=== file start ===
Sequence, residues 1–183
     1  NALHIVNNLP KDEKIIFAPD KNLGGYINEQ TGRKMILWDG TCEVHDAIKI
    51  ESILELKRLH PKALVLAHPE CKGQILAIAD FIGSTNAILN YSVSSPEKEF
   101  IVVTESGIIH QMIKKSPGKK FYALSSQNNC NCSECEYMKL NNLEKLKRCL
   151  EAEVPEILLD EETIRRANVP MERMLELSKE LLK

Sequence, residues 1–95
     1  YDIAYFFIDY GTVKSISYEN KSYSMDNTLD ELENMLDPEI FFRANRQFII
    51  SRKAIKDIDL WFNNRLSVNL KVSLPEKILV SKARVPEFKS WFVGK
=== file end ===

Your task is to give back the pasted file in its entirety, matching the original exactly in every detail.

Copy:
Sequence, residues 1–183
     1  NALHIVNNLP KDEKIIFAPD KNLGGYINEQ TGRKMILWDG TCEVHDAIKI
    51  ESILELKRLH PKALVLAHPE CKGQILAIAD FIGSTNAILN YSVSSPEKEF
   101  IVVTESGIIH QMIKKSPGKK FYALSSQNNC NCSECEYMKL NNLEKLKRCL
   151  EAEVPEILLD EETIRRANVP MERMLELSKE LLK

Sequence, residues 1–95
     1  YDIAYFFIDY GTVKSISYEN KSYSMDNTLD ELENMLDPEI FFRANRQFII
    51  SRKAIKDIDL WFNNRLSVNL KVSLPEKILV SKARVPEFKS WFVGK